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post #1 of 16 (permalink) Old 10-24-2006, 02:36 PM Thread Starter
 
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Question Is using Sea Foam for 5 days straight too much?

Hi folks. I'm just a Mopar passerby, but this question may still be helpful for other Intrepid owners and there seems to be some good knowledge collected here about Sea Foam usage. Thanks in advance.


Q: Would using Sea Foam on the intake for 5 days straight be too much?

I have a sweet 1988 Chrysler New Yorker that needs an intake manifold cleaning bad. It had a lifelong problem with the valve cover letting too much oil blow through the PCV valve into the intake. The valve cover has been replaced with the corrected version, but now I'd like to clean-up the years of varnish.

It took me 1 hour to scrub the blackened varnish out of the intake plenum with mineral spirits and steel wool!

But, it's still in the intake manifold itself and probably on top of the valves as well. After many years, there is a paper thick layer of hardend oil.

I was thinking about doing a Sea Foam intake cleansing every day for about a week.

Procedure:

At night, I would do 1/3 pint(can), wait 15 minutes, run engine for 5 minutes. Follow with one more 1/3 pint and let sit overnight. Then, purge in the morning before heading to work.

Repeat for at least 5 days.

So, am I going to damage something? The only thing I can guess at is maybe drying out a gasket, but I have no basis for that except that I heard someone on another forum mention that BG 44K could possibly do that with just normal use. And, the can says that it's O2 sensor safe.

Thanks!

P.S. I emailed Sea Foam Sales the same question and I'll post their reply if they respond.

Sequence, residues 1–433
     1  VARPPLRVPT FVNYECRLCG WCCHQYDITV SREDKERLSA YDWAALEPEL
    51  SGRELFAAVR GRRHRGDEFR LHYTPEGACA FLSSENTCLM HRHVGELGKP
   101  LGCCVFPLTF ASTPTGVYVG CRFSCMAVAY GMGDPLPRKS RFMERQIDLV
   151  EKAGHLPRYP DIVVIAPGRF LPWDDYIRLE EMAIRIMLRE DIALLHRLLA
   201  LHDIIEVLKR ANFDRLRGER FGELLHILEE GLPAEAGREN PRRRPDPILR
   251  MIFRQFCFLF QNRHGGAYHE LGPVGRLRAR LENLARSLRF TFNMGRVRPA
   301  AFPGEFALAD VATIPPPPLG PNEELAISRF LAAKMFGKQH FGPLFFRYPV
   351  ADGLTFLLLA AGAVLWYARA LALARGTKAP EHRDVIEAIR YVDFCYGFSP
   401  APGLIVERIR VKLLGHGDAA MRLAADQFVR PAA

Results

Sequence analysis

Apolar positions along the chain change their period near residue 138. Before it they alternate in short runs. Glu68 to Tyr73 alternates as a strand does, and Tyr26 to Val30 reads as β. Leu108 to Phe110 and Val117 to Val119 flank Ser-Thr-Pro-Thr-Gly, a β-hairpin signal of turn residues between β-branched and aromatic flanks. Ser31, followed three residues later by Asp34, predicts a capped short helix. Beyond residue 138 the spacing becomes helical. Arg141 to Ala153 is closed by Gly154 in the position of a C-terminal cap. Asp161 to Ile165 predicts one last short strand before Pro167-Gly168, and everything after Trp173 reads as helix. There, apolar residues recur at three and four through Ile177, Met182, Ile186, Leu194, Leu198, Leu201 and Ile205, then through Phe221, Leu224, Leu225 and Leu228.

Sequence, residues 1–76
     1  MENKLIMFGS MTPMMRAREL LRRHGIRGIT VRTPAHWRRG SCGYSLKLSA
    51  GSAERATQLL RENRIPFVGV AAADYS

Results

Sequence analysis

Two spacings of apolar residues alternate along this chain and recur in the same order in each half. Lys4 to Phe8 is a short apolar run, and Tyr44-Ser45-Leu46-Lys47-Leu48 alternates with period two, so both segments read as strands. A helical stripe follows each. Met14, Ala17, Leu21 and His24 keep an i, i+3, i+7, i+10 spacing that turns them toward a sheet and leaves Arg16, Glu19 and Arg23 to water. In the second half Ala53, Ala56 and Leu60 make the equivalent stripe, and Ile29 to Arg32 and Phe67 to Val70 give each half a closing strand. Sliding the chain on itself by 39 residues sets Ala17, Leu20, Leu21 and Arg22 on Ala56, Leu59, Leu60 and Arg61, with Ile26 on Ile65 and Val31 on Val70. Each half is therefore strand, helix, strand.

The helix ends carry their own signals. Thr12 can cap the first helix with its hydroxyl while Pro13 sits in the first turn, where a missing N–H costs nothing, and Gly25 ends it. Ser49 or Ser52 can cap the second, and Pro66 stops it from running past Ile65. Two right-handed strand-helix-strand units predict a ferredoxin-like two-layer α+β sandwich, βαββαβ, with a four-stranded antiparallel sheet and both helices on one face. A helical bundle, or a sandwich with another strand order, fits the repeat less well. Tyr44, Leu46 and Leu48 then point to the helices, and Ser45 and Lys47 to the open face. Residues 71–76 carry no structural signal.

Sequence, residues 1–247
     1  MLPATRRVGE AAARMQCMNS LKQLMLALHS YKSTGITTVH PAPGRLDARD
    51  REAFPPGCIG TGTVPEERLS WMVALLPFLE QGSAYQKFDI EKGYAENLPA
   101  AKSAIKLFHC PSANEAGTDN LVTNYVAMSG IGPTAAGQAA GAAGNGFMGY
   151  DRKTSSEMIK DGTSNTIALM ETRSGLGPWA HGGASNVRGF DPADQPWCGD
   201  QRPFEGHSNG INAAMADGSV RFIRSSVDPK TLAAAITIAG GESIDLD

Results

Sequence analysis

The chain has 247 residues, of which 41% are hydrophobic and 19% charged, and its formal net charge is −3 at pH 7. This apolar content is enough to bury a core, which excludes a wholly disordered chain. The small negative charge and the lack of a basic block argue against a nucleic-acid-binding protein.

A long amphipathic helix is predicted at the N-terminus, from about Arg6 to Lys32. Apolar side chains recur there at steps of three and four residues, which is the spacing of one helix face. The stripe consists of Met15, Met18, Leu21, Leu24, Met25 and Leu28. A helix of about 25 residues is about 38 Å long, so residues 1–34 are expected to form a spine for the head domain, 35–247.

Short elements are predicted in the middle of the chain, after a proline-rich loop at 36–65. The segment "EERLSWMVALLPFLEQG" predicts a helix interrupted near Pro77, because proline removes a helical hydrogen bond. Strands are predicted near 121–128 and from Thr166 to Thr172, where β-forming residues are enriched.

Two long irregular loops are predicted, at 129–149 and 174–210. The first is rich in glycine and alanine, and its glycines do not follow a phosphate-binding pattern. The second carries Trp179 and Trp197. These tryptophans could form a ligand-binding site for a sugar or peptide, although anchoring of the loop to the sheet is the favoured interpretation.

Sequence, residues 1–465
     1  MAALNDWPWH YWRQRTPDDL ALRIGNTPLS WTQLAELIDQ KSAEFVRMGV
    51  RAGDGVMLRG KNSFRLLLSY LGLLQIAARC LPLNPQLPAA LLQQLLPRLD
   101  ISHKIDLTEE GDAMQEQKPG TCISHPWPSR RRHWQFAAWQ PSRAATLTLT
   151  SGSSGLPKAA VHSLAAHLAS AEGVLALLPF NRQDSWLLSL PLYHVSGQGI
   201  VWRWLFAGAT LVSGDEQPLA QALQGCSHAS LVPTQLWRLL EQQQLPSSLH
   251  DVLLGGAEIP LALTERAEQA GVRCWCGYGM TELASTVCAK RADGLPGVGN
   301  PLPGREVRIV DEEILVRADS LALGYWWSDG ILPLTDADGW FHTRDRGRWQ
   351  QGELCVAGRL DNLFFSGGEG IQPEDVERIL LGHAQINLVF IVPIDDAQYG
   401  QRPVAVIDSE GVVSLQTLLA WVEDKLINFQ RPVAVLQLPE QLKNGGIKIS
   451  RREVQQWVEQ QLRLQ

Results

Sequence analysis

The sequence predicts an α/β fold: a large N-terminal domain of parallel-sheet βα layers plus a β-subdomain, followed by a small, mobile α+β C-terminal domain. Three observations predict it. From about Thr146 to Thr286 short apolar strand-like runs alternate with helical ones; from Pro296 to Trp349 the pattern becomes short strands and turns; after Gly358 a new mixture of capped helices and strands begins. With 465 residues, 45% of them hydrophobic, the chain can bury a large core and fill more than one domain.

Last edited by DenverNYer; 10-24-2006 at 06:03 PM.
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post #2 of 16 (permalink) Old 10-24-2006, 03:18 PM
 
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way too much..........

Water is also 'baby safe' but too much of it and you've drowned the kid.

Cleaning additives aren't meant to be used as a substitute for a tear down. Light cleaning is about all you can expect. If you have a severely junked up motor, the only way to do it right is to pull things apart.
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post #3 of 16 (permalink) Old 10-24-2006, 03:39 PM Thread Starter
 
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Originally Posted by '98-ESer
way too much..........
I can understand your philosphical reply, "Too much of anything is bad", but I'm seeking to know exactly what is in jeapardy. If I know, then maybe it will be ok. Maybe whatever goes bad is already old and in need of replacing anyways later down the road if it's not too expensive.
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post #4 of 16 (permalink) Old 10-24-2006, 04:55 PM
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i know others can probably answer better than me........but if you have to take such drastic measures to keep the intake clean...it sounds like you are just prolonging the inevitable.
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post #5 of 16 (permalink) Old 10-24-2006, 06:05 PM Thread Starter
 
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Quote:
Originally Posted by IceDragon38
i know others can probably answer better than me........but if you have to take such drastic measures to keep the intake clean...it sounds like you are just prolonging the inevitable.

Whoops! I failed to mention that I corrected the PCV oil sucking problem with an updated valve cover. So, there's no more oil getting sucked into the intake anymore. But, I still want to clean it up.
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post #6 of 16 (permalink) Old 10-24-2006, 06:19 PM
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You are still missing the point... if you are sincerely worried about the build-up, you need to get out your trusty Haynes manual, start taking things apart, clean them, or possibly replace them, to take care of your problem. You'll never clean it with seafoam as good as you can by actually getting into those parts yourself and putting some elbow grease into it. And 5 days is just ridiculous, in my opinion. It seems that if nothing helped the first day, not much else will be cleaned by the 5th day. This is coming from someone who has never used seafoam before but I understand the concept pretty well.

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post #7 of 16 (permalink) Old 10-24-2006, 06:26 PM